Along with Spinal Tap, Tenacious D (Kyle Gass / Jack Black) pretty much closed the book on metal parody. For Kyle Gass, the next step in the skewering evolution was ‘70s era Southern rock, and the result is the mulleted, wigged, and moonshine-fueled Trainwreck. Formed in 2002 and fronted by Gass (aka Klip Calhoun) and frequent Tenacious D conspirator JR Reed (you might remember him as Lee from the Tenacious D HBO series, immortalized in the Tenacious D song “Lee”), Trainwreck is a loving celebration of bros, leather pants, and machismo. The key to the gimmick is that musically, it works. Loaded with heavy, catchy riffs and sing-a-long anthems, Trainwreck’s debut album The Wreckoning pairs perfectly with a 12 pack of Keystone Light, Kodiak dip, and maybe some bad speed. After a successful run through the Midwest in March, Trainwreck is currently on their second tour of the year, and I sat down for a chat with Kyle Gass before Trainwreck’s gig in Chicago.
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Miike Snow are the International Men of Mystery of the electro-pop scene. Whether disguising their faces behind ghostly white masks or hiding behind their Jackolope logo, there is something coolly enigmatic about them. Swedish producers Christian Karlsson and Pontus Winnberg were famous behind the scenes, crafting pop hits for Madonna and Britney Spears (the duo won a Grammy for their work on Spears’ Toxic) before recruiting American musician Andrew Wyatt to form Miike Snow. Their 2009 eponymous debut is a smooth hybrid of throwback soul, ‘80s synth, and electro anthems, with just the right amount of sex appeal and songwriting chops to attract the ladies and discerning hipsters alike. Finally getting to meet the men behind the masks, I sat down with Miike Snow before their sold-out, April 5th appearance at Chicago’s Metro Theater.
Back in December, AEG Live, Action 3D and Cinedigm released Larger Than Life in 3D. The 90-minute theatrical concert movie featured performances from Dave Mathews, Ben Harper and Gogol Bordello from the 2009 Austin City Limits Festival. It was a limited one-week run to test out a new kind of theatrical concert experience filmed and presented in full 3D HD. Did it successfully usher in a brand new bread of concert film or did it’s lack of cinematic storytelling rock fans to sleep?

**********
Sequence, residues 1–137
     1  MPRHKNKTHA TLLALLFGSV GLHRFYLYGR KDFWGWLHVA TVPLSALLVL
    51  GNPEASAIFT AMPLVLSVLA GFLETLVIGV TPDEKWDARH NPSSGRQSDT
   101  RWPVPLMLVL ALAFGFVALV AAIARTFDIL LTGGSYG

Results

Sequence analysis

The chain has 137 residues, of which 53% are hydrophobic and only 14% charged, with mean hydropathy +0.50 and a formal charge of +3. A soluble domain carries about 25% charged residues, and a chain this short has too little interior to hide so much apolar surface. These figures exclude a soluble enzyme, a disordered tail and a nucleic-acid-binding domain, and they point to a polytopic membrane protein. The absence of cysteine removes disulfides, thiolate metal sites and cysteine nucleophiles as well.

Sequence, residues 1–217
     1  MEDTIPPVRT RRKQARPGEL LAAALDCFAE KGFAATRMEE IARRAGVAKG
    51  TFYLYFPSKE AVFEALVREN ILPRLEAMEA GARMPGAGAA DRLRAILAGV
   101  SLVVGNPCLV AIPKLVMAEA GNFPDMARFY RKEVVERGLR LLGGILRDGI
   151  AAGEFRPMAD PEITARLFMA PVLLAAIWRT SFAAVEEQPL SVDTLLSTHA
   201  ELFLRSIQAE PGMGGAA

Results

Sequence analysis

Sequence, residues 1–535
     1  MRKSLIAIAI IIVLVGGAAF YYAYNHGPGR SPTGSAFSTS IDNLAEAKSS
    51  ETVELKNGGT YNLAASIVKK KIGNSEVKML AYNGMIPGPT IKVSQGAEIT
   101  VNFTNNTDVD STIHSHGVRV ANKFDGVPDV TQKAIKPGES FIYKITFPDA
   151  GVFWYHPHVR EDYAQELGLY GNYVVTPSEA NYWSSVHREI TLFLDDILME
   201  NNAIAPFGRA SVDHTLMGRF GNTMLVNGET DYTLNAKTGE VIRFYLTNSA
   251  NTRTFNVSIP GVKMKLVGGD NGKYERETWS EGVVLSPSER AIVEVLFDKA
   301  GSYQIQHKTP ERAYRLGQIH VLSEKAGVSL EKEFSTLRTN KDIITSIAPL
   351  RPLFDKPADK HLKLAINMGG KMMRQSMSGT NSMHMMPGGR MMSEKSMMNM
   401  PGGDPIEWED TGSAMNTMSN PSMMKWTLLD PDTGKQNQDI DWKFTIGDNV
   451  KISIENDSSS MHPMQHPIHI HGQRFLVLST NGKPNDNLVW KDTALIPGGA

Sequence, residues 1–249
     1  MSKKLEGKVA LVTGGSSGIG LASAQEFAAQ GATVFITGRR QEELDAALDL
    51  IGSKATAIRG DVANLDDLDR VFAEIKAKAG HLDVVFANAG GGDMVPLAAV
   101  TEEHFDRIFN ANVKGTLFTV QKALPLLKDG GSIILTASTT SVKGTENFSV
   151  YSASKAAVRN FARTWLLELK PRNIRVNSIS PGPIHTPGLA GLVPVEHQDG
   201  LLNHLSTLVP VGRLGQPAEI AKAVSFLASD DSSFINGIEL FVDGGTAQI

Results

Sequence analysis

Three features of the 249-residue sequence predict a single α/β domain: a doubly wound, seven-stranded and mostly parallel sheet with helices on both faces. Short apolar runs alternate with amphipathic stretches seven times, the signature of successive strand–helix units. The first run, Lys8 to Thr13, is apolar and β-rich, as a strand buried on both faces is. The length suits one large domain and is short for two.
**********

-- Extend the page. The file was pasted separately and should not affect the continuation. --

Larger Than Life was the first of several other 3D theatrical concerts AEG Live plans to release in 2010. When I heard the news last fall I thought that they had captured footage from 2009 music festivals like Lollapalooza, All Points West and Mile High Music Festival, I thought about all the ways this could revolutionize how we relive our favorite concerts experiences, or even influence what we expect from real live concerts. I initially considered it a move that would forever change the art of the concert film, too. I also wondered if Larger Than Life would be an improvement on the U2, Jonas Brothers, Miley Cyrus or even the Micheal Jackson This Is It IMAX concert experiences.
It won’t be long until the music industry hands out honors at the 52nd Grammy Awards ceremony. Sure, much of the annual hubbub surrounds the Best Song, Record, and Album categories (Will Lady Gaga’s “Poker Face” trump both Beyonce’s “Halo” and “Single Ladies (Put a Ring on It)”? Discuss!). Let’s not forget that the Grammys have handed out an award for Best Short Form Music Video since 1984. Music videos have been the one of the most important methods of disseminating new music to audiences for nearly 30 years (not to mention they’ve been works of art in their own right on countless occasions), but considering the award program structure the Grammys still treat them as mere afterthoughts.
// Moving Pixels
"Full Throttle: Remastered is a game made for people who don't mind pixel hunting -- like we used to play.READ the article